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Know These 10 Ferret Care Tips



Ferrets are unique animals that have eccentric qualities which may puzzle some pet owners. Why does a ferret try to nip on your toe or dig out your trash can? Without the proper knowledge and tools to care for ferrets, you could find yourself stressing out and not making progress with your pet.

Here I’ll talk about 10 essential tips every ferret owner should know. Having a ferret is different from having a dog or cat, but with the right care, it can be the most fun pet to have.


10. No fibers!
Starting off with a very basic tip, it’s important to not give your ferret any fibers. Ferrets can’t digest fibrous food, so this will damage their digestive tract and make them sick. Examples of fibrous food include rice, bread, and oats.

An alternative to fiber is a vitamin supplement designed specifically for ferrets. A good supplement will be high in taurine and fatty acids to make up for the health benefits that a ferret can’t get from fibers.


9. Diversify their diet at an early age
Ferrets imprint on their food at an early age. Which menas that when they’re very young (usually 6 months old) their body adapts to the food they’re eaten and welcomes it as the diet for the rest of its lifetime. As a result, it’s really hard to introduce new foods to an older ferret, as it will most likely reject them.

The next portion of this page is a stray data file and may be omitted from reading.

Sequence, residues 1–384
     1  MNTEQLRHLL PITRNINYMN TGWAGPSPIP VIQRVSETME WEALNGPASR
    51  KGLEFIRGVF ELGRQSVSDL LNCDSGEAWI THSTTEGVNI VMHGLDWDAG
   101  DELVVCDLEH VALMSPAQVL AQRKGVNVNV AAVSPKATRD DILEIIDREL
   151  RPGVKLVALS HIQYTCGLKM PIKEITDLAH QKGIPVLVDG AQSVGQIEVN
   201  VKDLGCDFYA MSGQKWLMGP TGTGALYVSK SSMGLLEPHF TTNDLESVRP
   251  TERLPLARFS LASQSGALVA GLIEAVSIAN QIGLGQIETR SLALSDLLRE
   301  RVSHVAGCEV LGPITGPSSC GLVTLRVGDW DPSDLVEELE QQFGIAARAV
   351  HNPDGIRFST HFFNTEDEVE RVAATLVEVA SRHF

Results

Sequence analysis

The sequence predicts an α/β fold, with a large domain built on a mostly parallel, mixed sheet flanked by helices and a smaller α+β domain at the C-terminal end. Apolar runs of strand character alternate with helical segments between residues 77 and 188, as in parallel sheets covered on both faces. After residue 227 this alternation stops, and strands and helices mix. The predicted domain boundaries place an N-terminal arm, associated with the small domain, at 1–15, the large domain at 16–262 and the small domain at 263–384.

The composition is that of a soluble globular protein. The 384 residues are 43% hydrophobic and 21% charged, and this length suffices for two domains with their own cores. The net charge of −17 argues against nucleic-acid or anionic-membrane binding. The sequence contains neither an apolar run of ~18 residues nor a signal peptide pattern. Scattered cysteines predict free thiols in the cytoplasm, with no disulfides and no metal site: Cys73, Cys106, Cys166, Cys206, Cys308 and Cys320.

The solution is to include as much variety in their diet as you see fit, before they’re 6 months old. This will make them much more open to a wider variety of foods when they’re older.


8. ...But mainly stick to meat and protein
The majority of your ferret’s diet should be meat. Ferrets are true carnivores and they need meat to survive. This is where you can diversify and try out many different options such as chicken, beef, pork, turkey, etc. You can even go for other sources of high protein and low carbohydrates, such as egg yolks.

Packaged ferret food is a convenient and health option for many ferret owners like myself. Because ferrets have a delicate diet, you can more easily rely on the packaged ferret food to make sure your pet is getting the right nutrients.





7. Regular veterinary check-ups
Ferrets need to be vaccinated initially, and then they need regular check-ups at the vet. If your ferret is of under the age of 4, then a yearly check-up will suffice. If your ferret is above 4, then two check-ups per year will be necessary.

The ferret’s regular check-ups are to prevent the ferret from contracting common problems like fleas, insulinoma, dental decay.

6. Make sure the cage habitat is suitabe
Ferrets sleep anywhere from 14-18 hours a day, so it’s important to make sure they’re comfortable and safe while sleeping. Investing in a large enough cage is essential as your ferret will sometimes wake up and feel energetic and want to run around. Ferrets can sometimes also feel claustrophobic; one of their common behaviors is to back into a wall when feeling scared. Also make sure that the cage has a separate area for his litter.

Getting a hammock for your ferret cage can be a great idea because the fuzzy animal will relax even better. Plus, it looks really cute.